Dear Working Wise: One of the newer members of our office just asked me if I would be willing to be her mentor.
I am flattered, but a little surprised, because I feel like I’m still learning and I’m not sure if I have anything to offer.
I never had a mentor. What does a mentor do? — Hesitant Mentor
Dear Hesitant Mentor: Congratulations on being asked to be a mentor. You may not feel like it, but your co-worker obviously admires you and believes she can learn from you.
Mentors are trusted advisers who have successful careers and proven track records. They make a commitment to support and encourage their mentees or protégés as they develop their careers.
Mentoring often includes:
• Providing constructive criticism and advice;
• Discussing mistakes, challenges and successes;
• Connecting your mentee to others who can be helpful;
• Sharing what you wish you’d known when you were starting out; and
• Offering insight into how you make decisions and resolve conflicts.
You have an opportunity to have a positive impact on someone else’s life and help them develop into a professional you and others admire.
Many teachers say they learn more from their students than their students learn from them. Mentoring can give you a new perspective on your career — offering you the opportunity to see yourself and your profession through your mentee’s eyes.
It’s an opportunity to give back to your organization or profession and strengthen your reputation for developing new talent. Mentoring can also help reignite your passion for your work and inspire you to stay on top of the latest trends and best practices.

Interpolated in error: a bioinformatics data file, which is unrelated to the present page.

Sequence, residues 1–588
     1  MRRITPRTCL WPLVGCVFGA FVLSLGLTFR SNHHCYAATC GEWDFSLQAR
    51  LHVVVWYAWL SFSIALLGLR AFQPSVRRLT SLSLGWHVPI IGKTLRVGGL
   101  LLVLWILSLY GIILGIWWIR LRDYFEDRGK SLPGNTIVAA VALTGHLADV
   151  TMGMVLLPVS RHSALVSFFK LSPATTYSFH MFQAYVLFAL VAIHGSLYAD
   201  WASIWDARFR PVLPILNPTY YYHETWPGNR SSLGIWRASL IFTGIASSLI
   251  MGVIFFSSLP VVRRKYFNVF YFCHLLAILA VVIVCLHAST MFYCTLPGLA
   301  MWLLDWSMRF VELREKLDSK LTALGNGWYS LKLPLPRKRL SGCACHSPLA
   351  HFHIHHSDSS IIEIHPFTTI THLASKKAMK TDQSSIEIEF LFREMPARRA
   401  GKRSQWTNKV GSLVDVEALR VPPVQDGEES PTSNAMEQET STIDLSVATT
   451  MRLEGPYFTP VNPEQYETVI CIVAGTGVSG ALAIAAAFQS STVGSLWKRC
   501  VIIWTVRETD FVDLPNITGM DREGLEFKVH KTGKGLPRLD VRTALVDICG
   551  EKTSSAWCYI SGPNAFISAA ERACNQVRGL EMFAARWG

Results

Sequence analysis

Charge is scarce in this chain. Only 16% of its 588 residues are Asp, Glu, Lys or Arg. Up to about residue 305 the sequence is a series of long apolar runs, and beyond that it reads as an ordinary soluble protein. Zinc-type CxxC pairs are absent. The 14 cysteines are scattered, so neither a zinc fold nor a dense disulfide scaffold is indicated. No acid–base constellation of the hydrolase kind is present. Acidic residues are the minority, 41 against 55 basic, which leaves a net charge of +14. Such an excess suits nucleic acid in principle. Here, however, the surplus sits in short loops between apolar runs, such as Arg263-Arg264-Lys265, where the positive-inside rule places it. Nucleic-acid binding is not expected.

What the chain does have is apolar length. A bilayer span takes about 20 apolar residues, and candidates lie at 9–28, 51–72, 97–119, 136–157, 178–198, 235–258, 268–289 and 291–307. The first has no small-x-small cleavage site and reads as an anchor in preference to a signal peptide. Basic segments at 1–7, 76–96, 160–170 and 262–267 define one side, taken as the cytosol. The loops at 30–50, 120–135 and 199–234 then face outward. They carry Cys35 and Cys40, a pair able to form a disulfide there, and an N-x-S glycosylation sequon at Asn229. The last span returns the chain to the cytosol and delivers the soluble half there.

However, you should be cautious before you agree to mentor someone. What a mentee does and how she does it will reflect on you.
Choose a protégé who is trustworthy, professional and ethical. Set clear boundaries about what you expect.
If you are open, ethical and supportive, you will establish a relationship with your mentee that will continue to be a source of inspiration for both of you.
If you don’t think you can effectively mentor her, though, tell her right away so that you don’t waste her time.
For more information and tips on being a mentor:
• Check to see if your organization has a mentoring program or offers resources;
• Look for books on mentoring at your local bookstore; or
• Visit the Alberta Learning Information Service (ALIS) website at www.alis.alberta.ca and read the tip sheet: Mentoring: How to Be an Effective Mentor.
Working Wise is compiled by Charles Strachey of Alberta Employment and Immigration (firstname.lastname@example.org) for general information.